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I'm looking into using user stories for our next web project. For example:

There will be a homepage with some information and the latest projects for the client.

How could you turn this into one user story? And it has to be designed by a designer, then developed...But if this is only one card how can we track this on the board so we can tell if the designer currently designing it or if someone is developing it?

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TL;DR

You can't manage or track epics like you have described in a meaningful way. In addition, user stories that lack context and a clearly-defined value consumer aren't generally useful for project management, or even as conversational placeholders for business communication.

Analysis

There will be a homepage with some information and the latest projects for the client.

This isn't even an epic. In addition to not following INVEST criteria, an epic this big doesn't even convey useful information about the themes and stories that might be packaged under it.

How could you turn this into one user story?

The short answer is:

  1. You can't.
  2. Even if you could, you shouldn't.

User stories should be much more granular than what you've described in your original post. When stories are small enough, and have clearly defined tasks associated with them, then it becomes possible to track the stories through your swimlanes or status columns.

But if this is only one card how can we track this on the board so we can tell if the designer currently designing it or if someone is developing it?

If the stories are decomposed into tasks, then the story can get passed from function to function in a clearly-definend way. However, this is not an agile approach. Rather than separating design from development, user stories should represent a vertical slice of value through both functions and the team members should work on them collectively and collaboratively.

Your kanban board will then reflect the state of each story, or its location in your process pipeline, rather than who is working on what. While those types of details can be attached to user stories, doing so is often a "project smell" that the team is still following a waterfall-based, upfront-design process.

Resources

There is a lot of information out on the web and in books about how to create meaningful user stories, and how to manage and track them. Answers here cannot provide a canonical list of resources that a practitioner should know, but you can certainly start with some classics like:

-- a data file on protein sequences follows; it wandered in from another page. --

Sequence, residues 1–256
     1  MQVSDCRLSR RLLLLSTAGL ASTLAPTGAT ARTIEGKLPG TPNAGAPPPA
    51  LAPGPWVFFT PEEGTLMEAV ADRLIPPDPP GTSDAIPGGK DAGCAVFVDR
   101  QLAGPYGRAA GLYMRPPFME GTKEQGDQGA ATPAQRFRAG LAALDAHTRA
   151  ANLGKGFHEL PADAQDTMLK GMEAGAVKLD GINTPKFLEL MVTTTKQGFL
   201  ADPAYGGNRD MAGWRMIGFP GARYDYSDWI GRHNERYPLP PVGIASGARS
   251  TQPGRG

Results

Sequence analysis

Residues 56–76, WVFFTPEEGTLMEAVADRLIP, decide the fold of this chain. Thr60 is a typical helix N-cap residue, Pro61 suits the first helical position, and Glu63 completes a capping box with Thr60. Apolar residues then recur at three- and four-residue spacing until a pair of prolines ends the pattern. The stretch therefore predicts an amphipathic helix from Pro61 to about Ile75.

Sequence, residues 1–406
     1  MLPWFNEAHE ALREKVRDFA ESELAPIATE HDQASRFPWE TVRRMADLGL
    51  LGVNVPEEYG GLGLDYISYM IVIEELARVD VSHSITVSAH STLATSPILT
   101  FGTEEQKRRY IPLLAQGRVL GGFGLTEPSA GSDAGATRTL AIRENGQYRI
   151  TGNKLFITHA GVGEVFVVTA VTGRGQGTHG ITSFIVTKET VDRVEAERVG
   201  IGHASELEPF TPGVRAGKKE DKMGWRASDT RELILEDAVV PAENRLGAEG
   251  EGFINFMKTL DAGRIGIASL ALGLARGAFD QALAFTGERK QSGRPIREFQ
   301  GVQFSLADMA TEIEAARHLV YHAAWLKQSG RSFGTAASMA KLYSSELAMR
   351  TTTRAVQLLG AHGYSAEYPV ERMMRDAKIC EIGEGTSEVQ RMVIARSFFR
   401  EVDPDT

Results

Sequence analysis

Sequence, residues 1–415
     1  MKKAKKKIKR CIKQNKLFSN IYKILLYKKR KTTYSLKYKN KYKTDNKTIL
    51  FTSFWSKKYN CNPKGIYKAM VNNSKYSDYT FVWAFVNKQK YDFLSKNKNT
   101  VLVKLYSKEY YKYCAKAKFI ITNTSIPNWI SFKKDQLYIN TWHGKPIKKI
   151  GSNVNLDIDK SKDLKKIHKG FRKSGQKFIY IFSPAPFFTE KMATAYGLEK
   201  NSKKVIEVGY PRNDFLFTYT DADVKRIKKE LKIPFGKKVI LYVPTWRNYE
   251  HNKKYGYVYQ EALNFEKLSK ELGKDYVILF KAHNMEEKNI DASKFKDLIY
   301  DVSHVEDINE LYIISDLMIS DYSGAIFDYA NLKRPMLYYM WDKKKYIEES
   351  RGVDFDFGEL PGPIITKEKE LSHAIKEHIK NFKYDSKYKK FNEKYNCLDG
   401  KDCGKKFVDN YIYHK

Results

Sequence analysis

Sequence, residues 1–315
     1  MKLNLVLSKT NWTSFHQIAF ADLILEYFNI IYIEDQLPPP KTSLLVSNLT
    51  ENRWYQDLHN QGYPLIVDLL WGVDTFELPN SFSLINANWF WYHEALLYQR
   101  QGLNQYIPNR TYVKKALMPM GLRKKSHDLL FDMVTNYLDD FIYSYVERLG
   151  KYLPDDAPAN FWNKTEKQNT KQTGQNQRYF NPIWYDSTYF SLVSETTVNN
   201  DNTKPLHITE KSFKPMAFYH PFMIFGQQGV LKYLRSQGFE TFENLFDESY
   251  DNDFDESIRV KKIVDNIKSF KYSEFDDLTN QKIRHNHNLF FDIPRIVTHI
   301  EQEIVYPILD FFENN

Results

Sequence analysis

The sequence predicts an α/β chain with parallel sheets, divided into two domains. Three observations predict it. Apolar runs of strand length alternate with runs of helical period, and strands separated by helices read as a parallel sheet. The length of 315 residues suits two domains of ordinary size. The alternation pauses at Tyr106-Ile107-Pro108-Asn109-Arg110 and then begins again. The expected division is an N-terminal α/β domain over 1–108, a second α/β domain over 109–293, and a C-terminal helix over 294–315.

• User Stories Applied: For Agile Software Development by Mike Cohn.
  • Agile Estimating and Planning by Mike Cohn.
  • User Story Mapping: Discover the Whole Story, Build the Right Product by Jeff Patton.
  • Kanban: Successful Evolutionary Change for Your Technology Business by David J. Anderson.

Please don't expect answers on a Q&A site to substitute for baseline knowledge of user stories. Truly understanding user stories, how to apply them, and how to manage them within your project management process is a complex topic.

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User stories are written from the point of view of the end user. An example user story might be something like:

As a website user I would like to see important information on the homepage so that I find this site useful

The types of information you show could be further detailed in the acceptance criteria for the story. These acceptance criteria would come out of a discussion with your Product Owner or Stakeholders.

The task board tracks exactly the kind of information you mention. For example, you could have the following columns on your task board:

  • Open
  • In Design
  • In Development
  • In Test
  • Done

Each card will represent a story and the column it is in will indicate who is working on it.

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